my son is now 9 years old and was diagnosed at day 6 with ch.. He is doing good, but has had speech and special ed classes due to adhd? I have no idea if they are related in any way but interested to find out if any other parent have had the dual diagnosis?

Hi. My daughter was a few days old when diagnosed by the heel ***** test. She is almost 14. As a baby she met all her milestones. She is very tall, plays netball and is doing fine at school. She could do better and get great marks but is lazy. Sometimes we think she lacks empathy compared to her siblings. Sometimes we wish she had more energy and got off her bed and put her books away. Sometimes I worry about her weight (she weighs the same as me). Obviously if she was more physically active this wouldn't be an issue. But, everyone is different. I have never attributed her less emphatic nature to CH, nor do we blame it for her wanting to lie around and read lots. We don't blame CH as the reason she doesn't study really hard, just enough to do ok. I want to reassure all of you with newly diagnosed babies that these kids do live normal lives. My daughter has heaps of friends, is happy and seems completely normal. I hope I'm not being naive or overlooking things. However, having two other girls I know there is no such thing as the perfect child. One will struggle with maths a bit, one might be shyer, one wilder with too much energy. They are all different. So we're not blaming CH. It rarely comes up. We'll just love them for who they are, while making sure she's getting the best treatment and being monitored. My daughter crawled at six months, walked at 11 months, talked then too. She wasn't the top of her class at reading at six but now I can't stop her reading. When she was diagnosed, well meaning family and friends said to me, "you're so lucky. It could have been diabetes or something like that" and I wanted to slap them. Lucky! Please! Their kids were all 'perfect'. Now I don't feel that my daughter is any less 'perfect' than theirs and know that they were right. We are lucky. It is such an easily treated condition, and if our kids were born 30+ years ago, or in a developing country they would be mentally retarded. So I tell my daughter that when she complains about a blood test. It could be a lot worse. Good luck with your babies.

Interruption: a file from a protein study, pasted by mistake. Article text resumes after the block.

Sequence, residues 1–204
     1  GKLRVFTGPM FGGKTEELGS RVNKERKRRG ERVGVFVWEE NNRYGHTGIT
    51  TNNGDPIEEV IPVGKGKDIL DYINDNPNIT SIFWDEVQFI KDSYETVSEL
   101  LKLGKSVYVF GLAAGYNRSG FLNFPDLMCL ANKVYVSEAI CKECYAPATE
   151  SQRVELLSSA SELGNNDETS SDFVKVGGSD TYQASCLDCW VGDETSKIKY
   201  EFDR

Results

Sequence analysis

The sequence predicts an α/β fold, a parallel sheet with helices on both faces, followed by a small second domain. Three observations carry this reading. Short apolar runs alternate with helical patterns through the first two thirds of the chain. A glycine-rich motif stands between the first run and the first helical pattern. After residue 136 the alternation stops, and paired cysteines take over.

I cannot help but think that maybe it's not that she lacks empathy, but might not feel well. I know when my levels are off nothing matters. Once they get back to where they're supposed to be I'm all over it.

hi,my daughter was diagnosed at ten days old,she is now 5.we found out that she has no thyroid gland.she is doing very well,some milestones have taken a little longer.She is excellent at taking her tablets and sort of understands why she has to take the medication.At the age of 2 she had a reaction to peanuts,so now has to carry epipens around with her.Believe me,children accept it better than us adults.<br />
Its nice to read other parents stories,i dont feel so alone!...in a good way!

Hi Katie, My little girl was born on Jan 25th this year(2011) and she too was 'diagnosed' at 10 days old from the heel ***** test. We give her Eltroxin suspension, 2.4mls daily. Its made up by the chemist for us but it to is a crushed up pill made up in a solution. My partner and I was just wondering if you could update on how your daughter is doing now??? So far our little one is doing great. As far as we can tell she is reaching all the milestones she should've by now and shes alert and gorgeous :-) We love her to bits and it was a HUGE shock when we found out she has CH but you wouldnt even be able to tell.<br />